1 NOVEMBER 1930, Page 23


SI11,—All those who are interested in animal welfare must feel grateful to Dr. Baker for calling attention to the opera- tions so commonly performed on both male and female pigs, and to the great and prolonged suffering thereby entailed. Such operations should doubtless be made illegal except to veterinary surgeons.

Dr. Baker, however, goes on to imply that efforts to secure the humane slaughter of animals should be discontinued because other cruelties are still permitted. He almost suggests that efforts to conquer one wrong imply the con- doning of another.

Surely such reasoning is futile, and may indeed tend to defeat its own object. Whilst still continuing efforts to obtain legislation to make the use of the humane killer com- pulsory in our slaughter houses, there is surely no reason why- we should not strive to overcome other abuses.—I am, Sir, &c., NORMAN GRAHAM. C.J.A.H.S.A., 42 Old Bond Street, London, W.1.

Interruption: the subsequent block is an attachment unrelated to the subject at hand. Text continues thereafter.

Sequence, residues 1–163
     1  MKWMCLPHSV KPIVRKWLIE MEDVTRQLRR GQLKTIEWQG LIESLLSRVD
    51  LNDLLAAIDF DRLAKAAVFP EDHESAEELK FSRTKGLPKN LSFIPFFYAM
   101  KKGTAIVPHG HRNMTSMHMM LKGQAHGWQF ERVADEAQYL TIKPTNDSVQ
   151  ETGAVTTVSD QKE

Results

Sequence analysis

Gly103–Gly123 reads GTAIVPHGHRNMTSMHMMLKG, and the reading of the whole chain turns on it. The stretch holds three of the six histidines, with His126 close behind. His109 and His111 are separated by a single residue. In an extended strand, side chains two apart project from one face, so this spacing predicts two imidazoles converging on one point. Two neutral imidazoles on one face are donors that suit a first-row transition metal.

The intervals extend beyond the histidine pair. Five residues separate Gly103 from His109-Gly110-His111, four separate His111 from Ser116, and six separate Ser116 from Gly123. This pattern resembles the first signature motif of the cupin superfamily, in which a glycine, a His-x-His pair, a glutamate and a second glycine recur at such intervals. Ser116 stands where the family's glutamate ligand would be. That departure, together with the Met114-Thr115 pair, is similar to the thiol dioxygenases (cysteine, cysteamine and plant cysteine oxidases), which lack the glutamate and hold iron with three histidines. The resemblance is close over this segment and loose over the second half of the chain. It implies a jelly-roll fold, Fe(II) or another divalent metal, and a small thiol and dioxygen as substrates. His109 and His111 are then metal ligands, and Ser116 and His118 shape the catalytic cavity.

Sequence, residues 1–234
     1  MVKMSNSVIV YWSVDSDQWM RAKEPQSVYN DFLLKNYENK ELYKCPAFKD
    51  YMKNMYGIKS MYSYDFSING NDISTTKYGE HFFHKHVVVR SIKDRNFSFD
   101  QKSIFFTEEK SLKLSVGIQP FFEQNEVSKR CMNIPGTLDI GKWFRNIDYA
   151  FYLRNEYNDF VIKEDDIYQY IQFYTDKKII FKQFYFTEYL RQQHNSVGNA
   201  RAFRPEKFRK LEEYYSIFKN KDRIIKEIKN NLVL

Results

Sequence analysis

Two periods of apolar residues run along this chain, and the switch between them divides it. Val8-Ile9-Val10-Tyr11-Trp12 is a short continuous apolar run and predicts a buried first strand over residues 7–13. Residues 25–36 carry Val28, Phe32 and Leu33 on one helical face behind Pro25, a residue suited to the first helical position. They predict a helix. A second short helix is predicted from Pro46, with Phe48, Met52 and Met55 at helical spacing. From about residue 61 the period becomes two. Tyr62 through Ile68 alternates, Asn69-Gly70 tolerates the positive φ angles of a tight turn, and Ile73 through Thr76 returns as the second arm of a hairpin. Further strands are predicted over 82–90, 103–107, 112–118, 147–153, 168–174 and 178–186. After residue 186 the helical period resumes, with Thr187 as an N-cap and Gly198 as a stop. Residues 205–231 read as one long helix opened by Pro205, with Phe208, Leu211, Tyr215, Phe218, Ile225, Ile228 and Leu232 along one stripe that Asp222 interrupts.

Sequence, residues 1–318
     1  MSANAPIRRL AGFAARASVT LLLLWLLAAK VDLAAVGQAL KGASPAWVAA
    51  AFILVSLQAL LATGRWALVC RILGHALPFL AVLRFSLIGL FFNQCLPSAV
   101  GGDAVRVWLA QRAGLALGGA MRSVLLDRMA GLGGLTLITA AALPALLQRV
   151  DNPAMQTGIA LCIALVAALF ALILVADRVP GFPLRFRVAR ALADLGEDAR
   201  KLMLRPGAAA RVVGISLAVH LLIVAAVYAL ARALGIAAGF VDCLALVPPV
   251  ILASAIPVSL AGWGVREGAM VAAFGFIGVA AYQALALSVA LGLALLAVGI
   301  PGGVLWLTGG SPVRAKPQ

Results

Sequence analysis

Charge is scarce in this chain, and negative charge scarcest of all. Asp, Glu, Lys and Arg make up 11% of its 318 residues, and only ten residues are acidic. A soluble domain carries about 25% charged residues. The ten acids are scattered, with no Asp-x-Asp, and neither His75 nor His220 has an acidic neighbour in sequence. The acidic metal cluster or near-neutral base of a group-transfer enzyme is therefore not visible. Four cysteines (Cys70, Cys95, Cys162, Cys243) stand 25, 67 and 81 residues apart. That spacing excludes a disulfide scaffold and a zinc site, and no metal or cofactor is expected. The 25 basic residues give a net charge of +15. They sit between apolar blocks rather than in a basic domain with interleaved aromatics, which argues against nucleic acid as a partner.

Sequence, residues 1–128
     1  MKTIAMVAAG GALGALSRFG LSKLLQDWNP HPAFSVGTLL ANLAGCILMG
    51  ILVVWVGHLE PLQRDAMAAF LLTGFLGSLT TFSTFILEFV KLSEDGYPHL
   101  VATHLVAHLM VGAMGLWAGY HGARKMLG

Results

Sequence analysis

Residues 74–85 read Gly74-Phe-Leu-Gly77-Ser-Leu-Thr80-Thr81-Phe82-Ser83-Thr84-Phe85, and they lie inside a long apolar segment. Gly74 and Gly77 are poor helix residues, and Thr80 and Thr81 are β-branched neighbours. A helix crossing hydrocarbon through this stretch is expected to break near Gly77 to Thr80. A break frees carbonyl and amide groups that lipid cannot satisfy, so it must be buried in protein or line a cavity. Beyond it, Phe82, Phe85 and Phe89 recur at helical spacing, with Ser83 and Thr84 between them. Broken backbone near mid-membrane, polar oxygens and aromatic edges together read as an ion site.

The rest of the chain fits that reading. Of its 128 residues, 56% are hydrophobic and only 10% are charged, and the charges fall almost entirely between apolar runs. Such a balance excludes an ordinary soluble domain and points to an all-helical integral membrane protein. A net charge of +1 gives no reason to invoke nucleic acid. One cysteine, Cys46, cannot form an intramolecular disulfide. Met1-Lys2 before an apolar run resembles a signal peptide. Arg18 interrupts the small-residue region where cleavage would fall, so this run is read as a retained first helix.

[We agree with the writer. Just because there are other urgent reforms needed in our treatment of animals there is surely no need to relax our efforts to make humane slaughter compulsory—a long overdue reform. Our slaughter house methods are much behind those of Northern Europe, and in Great Britain Scotland is giving a fine lead.—En. Spectator.1